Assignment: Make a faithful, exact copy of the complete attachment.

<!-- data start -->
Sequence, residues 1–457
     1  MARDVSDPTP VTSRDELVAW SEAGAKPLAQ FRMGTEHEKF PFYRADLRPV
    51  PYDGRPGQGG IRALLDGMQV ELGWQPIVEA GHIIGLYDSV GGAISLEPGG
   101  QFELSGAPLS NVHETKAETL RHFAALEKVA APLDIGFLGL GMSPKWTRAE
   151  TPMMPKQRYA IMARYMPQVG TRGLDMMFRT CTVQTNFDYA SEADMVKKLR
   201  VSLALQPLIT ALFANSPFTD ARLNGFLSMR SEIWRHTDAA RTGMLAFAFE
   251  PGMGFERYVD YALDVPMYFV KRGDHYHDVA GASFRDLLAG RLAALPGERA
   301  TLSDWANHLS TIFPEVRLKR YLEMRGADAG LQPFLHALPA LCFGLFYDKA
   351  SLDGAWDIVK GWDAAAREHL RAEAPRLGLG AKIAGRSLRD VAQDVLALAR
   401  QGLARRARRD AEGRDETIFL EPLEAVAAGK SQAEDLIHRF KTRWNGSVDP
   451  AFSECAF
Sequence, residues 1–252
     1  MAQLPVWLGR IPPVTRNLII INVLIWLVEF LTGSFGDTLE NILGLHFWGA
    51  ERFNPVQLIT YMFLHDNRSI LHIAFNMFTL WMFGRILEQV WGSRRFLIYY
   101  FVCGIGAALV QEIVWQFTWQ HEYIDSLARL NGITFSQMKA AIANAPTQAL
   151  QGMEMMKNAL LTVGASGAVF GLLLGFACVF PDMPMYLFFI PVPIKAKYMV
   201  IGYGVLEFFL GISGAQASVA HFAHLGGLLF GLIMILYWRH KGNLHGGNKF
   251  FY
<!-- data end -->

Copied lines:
Sequence, residues 1–457
     1  MARDVSDPTP VTSRDELVAW SEAGAKPLAQ FRMGTEHEKF PFYRADLRPV
    51  PYDGRPGQGG IRALLDGMQV ELGWQPIVEA GHIIGLYDSV GGAISLEPGG
   101  QFELSGAPLS NVHETKAETL RHFAALEKVA APLDIGFLGL GMSPKWTRAE
   151  TPMMPKQRYA IMARYMPQVG TRGLDMMFRT CTVQTNFDYA SEADMVKKLR
   201  VSLALQPLIT ALFANSPFTD ARLNGFLSMR SEIWRHTDAA RTGMLAFAFE
   251  PGMGFERYVD YALDVPMYFV KRGDHYHDVA GASFRDLLAG RLAALPGERA
   301  TLSDWANHLS TIFPEVRLKR YLEMRGADAG LQPFLHALPA LCFGLFYDKA
   351  SLDGAWDIVK GWDAAAREHL RAEAPRLGLG AKIAGRSLRD VAQDVLALAR
   401  QGLARRARRD AEGRDETIFL EPLEAVAAGK SQAEDLIHRF KTRWNGSVDP
   451  AFSECAF
Sequence, residues 1–252
     1  MAQLPVWLGR IPPVTRNLII INVLIWLVEF LTGSFGDTLE NILGLHFWGA
    51  ERFNPVQLIT YMFLHDNRSI LHIAFNMFTL WMFGRILEQV WGSRRFLIYY
   101  FVCGIGAALV QEIVWQFTWQ HEYIDSLARL NGITFSQMKA AIANAPTQAL
   151  QGMEMMKNAL LTVGASGAVF GLLLGFACVF PDMPMYLFFI PVPIKAKYMV
   201  IGYGVLEFFL GISGAQASVA HFAHLGGLLF GLIMILYWRH KGNLHGGNKF
   251  FY